Cost of Fertility

“If everything is under control, you are not going fast enough!”  Author unknown

Many patients worry about the costs of egg freezing. I look at it this way, where there’s a will there’s a way. How bad do you want to protect your future? How much do you value preventative medicine? How much could egg freezing actually save you in long run. Get creative, start looking for pharmaceutical drug discount programs, call your insurance company to find out what is really covered, research financing institutions and companies like Egg Funds or Future Family that have loan programs, or sign-up an interest-free credit card you can make diligent payments towards. Or maybe you ask your parents for help or start saving today for a future egg retrieval date. I encourage everyone to ask questions, do your homework, and talk to your clinic. Some fertility clinics may offers packaged deals for multiple cycles or a guaranteed pregnancy depending on your needs. It can’t hurt, don’t take no for an answer, only you care about you the most.

Before my own fertility treatments, I knew very little about the true cost of medications and which drugs were necessary to complete a cycle. I just heard everyone say how “expensive” these hormones are. It can vary in so many ways. The clinic’s costs, the pharmacy choice, your insurance coverage. I was fortunate that my insurance covered these medications. I was told on several occasions how good my insurance plan is. I guess you can say this was one more affirmation that doing egg freezing now was the right choice for me.

As I began researching, I learned that one round of these fertility medications used to stimulate the ovaries for two weeks can run in the thousand range for just one of the medications. I felt so blessed my insurance had good coverage and this was not the case in my situation.

I feel like I was very knowledgeable about other things within the fertility world like what kind of retrieval needles are good quality, different type of culture media the eggs would be cultured in, and the best types of capital equipment and bench top incubators the labs should use for maximizing results. Take the time however despite what your fertility clinic tells you to ask your insurance for yourself.

Most insurance companies will cover some form of IVF since infertility is a disease condition. Call your insurance company and learn what your co-pays are, how your deductible is, and if your deductible transfers over to the new year if met during Q4. All of these questions will help bring peace of mind, broaden your understanding of your insurance plan, and give you an empowerment over your own health.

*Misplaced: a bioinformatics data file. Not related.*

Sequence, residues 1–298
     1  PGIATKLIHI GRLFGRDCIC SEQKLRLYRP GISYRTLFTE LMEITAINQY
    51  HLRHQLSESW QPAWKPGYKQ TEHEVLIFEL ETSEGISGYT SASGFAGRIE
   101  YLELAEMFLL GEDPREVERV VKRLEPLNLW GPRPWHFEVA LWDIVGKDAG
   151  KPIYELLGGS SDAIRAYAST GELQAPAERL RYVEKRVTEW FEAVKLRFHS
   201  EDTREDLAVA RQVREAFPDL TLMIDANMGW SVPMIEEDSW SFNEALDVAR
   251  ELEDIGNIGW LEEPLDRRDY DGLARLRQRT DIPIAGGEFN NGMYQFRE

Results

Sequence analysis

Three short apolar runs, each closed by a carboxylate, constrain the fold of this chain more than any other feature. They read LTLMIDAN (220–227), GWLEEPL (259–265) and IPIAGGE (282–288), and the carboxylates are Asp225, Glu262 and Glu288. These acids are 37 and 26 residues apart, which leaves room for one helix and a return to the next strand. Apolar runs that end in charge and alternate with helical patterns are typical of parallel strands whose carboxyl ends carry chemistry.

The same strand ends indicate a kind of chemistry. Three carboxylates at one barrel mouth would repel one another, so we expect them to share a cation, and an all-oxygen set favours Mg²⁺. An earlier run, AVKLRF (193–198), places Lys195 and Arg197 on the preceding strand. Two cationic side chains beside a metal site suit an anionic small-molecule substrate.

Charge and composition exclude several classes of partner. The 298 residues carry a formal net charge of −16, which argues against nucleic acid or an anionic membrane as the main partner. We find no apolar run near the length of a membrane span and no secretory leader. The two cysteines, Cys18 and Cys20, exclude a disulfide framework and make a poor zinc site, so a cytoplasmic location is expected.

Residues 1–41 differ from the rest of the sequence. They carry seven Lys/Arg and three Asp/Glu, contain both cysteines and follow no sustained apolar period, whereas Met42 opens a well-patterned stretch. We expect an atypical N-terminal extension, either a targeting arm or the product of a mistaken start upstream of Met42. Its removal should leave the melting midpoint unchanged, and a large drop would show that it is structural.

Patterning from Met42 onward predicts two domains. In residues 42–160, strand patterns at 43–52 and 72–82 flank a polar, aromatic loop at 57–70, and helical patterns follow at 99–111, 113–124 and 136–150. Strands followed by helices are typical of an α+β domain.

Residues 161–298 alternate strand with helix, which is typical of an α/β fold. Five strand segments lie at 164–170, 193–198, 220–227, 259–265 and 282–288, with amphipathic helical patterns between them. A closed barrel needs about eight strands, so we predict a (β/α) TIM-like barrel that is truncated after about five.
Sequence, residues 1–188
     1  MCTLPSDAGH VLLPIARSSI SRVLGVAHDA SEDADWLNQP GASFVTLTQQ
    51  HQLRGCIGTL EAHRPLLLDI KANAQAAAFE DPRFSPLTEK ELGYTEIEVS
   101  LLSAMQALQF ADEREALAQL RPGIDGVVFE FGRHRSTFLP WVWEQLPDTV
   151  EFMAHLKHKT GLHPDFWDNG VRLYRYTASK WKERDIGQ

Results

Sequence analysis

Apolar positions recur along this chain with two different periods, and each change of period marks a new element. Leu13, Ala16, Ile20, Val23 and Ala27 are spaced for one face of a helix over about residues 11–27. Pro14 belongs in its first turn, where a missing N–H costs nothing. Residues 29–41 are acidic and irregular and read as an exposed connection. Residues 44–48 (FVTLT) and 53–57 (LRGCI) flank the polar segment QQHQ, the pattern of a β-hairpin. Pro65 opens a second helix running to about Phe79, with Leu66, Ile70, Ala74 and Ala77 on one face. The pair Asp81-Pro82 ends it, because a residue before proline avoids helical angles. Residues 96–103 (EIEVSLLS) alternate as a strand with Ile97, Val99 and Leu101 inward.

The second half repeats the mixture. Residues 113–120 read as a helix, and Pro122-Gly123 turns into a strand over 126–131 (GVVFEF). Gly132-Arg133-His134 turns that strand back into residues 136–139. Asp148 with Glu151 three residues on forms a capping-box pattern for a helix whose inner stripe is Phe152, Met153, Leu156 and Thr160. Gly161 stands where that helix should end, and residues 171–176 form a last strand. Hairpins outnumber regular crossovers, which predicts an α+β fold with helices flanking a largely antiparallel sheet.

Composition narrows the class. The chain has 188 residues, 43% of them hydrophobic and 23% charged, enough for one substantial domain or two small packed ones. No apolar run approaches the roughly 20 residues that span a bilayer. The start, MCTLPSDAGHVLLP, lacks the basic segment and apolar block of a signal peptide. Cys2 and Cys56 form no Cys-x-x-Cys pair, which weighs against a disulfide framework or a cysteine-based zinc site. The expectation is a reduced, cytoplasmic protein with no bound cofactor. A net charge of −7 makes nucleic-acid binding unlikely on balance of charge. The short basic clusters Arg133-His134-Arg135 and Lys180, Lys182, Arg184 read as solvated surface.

For example, I learned about my own insurance plan, that I was covered for 4 fertility cycles in my lifetime of the plan. If a live birth happens any where in between those 4 cycles I would be granted another 2 fertility cycles. If I go to in-network fertility center my plan covers up to 90% with a 10% co-pay plus any deductible remaining for the year. My prescription drug plan was also similar coverage. Before ever starting my fertility cycle I could go to my doctor with the confidence that my expenses had mostly been covered. I then worked with a financial team member in the clinic to estimate the cost of my out of pocket expense so there were no surprises.

Keep in mind, just because you freeze your eggs, doesn’t mean you have to use them. You could still get pregnant naturally, but what about if you want baby #2 or 3? What if you didn’t have to rush to have back-to-back pregnancies because the fertility window was closing. How many more options and doors would open if you have a reserve of frozen eggs in the bank and help bring you closer to your goals?

What it means is that you are taking steps towards freedom of choice, time, and your future child’s health by preserving your eggs when they are optimal. I don’t think this will be a financial decision I would ever look back on and say I wasted my money. I can think of many other things I have bought over the years that I would in fact say I blew my money on however. Egg freezing would not make that list. So when I think of it in those regards I feel better about the whole situation. I have a plan.

Egg freezing could end up paying for itself in the long-run. Have you been thinking about freezing your eggs? What is holding you back? What is the best verses worst case scenario if you just talked to a physician about your reproductive health? We would love to hear from you. Contact us today. We can help listen to your goals, wants, desires, call your insurance company to help you learn what cost are involved if you were to elect to have the procedure, and offer support.

*Read next week’s blog post Money & Insurance Tips for more information about cost saving suggestions or check out Resources section (books, videos, podcast, blogs) of websites for creative ways to cover the costs of egg freezing.